The California Public Employees’ Retirement System (CalPERS), one of the top public pension funds in the US, saw its exposure to assets linked to Indian currency rise by over a third to $1.7 billion in the fiscal ended on June 30, 2014 as compared to $1.27 billion in the year ago period, according to the annual financial report of the company.
Almost all of this was due to changes in fair value of assets in the equity securities bucket from $885 million to $1.3 billion. The value of the real assets, representing primarily real estate assets, shrunk marginally.
This data represent investment securities of all CalPERS managed funds, including derivative instruments that are subject to Indian rupee foreign currency risk.
It did not list any quantum against PE assets in India and it could not be ascertained if this is due to its forex hedging over dollar denominated offshore funds or it has actually disassociated itself with India-focused PE funds.
But CalPERS does counts itself as an investor in several global PE funds investing in India including some in their regional funds. These include Blackstone, KKR, Carlyle, TPG, Clearstone, SAIF Partners, etc.
The pension fund manager which counts realty PE as separate from sector agnostic PE, has listed India-focused realty funds such as IL&FS India Realty Fund, Sun-Apollo India Real Estate Fund and Xander’s Indian realty fund among those to which it paid investment management fees, counting them as part of its LP portfolio. Separately, it also listed several institutional equities firms to whom it paid fees for managing its equity investments in India.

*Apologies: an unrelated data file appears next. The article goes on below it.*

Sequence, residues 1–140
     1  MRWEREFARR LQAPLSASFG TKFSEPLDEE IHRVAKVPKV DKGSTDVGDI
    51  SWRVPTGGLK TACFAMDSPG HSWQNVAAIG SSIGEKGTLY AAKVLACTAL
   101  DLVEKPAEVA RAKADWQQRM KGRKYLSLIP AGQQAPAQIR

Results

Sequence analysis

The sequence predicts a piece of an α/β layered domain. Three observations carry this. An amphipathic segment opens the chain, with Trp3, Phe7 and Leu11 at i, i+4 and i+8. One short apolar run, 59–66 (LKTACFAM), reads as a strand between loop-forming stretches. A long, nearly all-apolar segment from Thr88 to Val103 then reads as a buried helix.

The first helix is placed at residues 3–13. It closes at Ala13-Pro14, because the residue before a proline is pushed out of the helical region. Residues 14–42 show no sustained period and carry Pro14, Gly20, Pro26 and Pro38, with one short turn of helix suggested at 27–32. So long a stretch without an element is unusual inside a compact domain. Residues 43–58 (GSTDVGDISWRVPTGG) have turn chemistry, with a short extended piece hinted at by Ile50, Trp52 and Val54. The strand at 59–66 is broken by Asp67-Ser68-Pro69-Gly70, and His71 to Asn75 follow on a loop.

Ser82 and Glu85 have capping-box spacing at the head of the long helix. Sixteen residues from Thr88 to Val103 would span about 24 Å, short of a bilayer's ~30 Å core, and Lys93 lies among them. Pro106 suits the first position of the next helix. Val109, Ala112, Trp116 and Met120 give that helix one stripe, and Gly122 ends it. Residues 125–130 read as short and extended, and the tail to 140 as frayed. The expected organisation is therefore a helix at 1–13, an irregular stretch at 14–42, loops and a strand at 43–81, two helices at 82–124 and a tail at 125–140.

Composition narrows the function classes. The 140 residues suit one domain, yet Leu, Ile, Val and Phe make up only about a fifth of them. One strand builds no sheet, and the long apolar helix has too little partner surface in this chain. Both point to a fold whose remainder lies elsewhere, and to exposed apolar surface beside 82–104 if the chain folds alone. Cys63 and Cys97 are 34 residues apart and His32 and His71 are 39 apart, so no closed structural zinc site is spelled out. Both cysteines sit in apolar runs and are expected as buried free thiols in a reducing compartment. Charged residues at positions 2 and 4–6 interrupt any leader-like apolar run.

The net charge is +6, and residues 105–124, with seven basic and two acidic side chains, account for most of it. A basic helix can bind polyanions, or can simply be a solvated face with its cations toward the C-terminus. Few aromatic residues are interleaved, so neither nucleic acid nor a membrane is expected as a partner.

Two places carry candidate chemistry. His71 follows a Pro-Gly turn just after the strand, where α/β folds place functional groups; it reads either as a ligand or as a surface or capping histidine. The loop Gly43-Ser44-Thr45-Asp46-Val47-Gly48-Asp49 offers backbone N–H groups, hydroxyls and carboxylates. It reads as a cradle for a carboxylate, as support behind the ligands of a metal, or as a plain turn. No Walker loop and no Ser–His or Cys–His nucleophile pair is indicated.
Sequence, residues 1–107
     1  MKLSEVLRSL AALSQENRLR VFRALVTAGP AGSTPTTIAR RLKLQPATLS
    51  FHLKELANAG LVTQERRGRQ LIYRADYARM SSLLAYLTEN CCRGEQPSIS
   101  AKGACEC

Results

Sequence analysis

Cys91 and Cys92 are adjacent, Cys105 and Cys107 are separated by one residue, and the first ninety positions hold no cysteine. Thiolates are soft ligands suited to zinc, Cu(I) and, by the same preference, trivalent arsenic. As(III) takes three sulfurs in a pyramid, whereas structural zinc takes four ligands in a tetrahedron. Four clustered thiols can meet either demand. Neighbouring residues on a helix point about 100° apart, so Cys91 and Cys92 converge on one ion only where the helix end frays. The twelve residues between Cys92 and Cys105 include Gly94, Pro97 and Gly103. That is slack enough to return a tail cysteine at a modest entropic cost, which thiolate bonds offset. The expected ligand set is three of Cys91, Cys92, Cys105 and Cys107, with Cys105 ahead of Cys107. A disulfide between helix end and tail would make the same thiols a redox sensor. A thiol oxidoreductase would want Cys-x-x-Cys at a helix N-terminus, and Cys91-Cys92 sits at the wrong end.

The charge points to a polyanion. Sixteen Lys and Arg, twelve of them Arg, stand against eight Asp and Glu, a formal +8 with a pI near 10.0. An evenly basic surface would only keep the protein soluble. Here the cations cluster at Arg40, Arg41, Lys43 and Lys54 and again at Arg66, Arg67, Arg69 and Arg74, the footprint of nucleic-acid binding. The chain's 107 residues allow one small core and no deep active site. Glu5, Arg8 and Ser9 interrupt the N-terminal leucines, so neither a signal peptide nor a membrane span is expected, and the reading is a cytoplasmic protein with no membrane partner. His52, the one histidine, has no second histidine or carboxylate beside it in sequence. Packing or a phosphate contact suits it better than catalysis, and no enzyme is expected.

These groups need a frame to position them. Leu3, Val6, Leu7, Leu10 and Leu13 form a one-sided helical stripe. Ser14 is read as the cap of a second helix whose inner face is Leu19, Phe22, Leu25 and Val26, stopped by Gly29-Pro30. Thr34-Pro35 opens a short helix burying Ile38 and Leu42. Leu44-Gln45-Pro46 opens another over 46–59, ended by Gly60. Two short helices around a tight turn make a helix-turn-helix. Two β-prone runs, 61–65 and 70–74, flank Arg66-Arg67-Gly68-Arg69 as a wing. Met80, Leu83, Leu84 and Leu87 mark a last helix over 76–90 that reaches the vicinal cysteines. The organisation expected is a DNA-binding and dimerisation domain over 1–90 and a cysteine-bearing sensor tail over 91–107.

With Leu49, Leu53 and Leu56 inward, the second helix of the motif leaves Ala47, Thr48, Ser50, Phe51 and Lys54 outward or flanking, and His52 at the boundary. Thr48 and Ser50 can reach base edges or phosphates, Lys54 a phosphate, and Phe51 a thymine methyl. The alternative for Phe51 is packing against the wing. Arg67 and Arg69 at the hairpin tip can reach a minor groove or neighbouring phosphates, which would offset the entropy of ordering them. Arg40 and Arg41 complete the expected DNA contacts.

In India, CalPERS has held significant equity holdings in large and mid-sized Indian companies operating in sectors including banks, oil, FMCG, pharma and engineering.
Meanwhile, CalPERS, which provides a variety of retirement and health benefit programmes and services, seems to be pruning its asset allocation to private equity space (not counting realty PE funds).
In FY14 PE asset allocation declined to 10.5 of the total as against 12.4 per cent in the year-ago period. Indeed, both are much less than its targeted allocation for PE pegged at around 15 per cent, the report showed.
As of June 30, 2014, CalPERS managed the largest public pension fund in the US, with worth around $301 billion in assets.
Earlier in March last year, CalPERS announced an allocation of an additional $200 million to its emerging manager programme in the PE asset class, which is to be deployed over four years and is in addition to a $100 million commitment made in 2012.
In 2012, CalPERS adopted the Emerging Manager Five-Year Plan – Pathway to the Future (the Plan), which gives a strategic framework to guide CalPERS’ investments and engagement with emerging investment managers.
CalPERS has been investing with emerging managers directly and through fund of funds for more than 20 years.
Holland’s APG and Canada’s CPPIB are two other international pension fund managers which have been building their India portfolio pretty aggressively over the last couple of years.
(Edited by Joby Puthuparampil Johnson)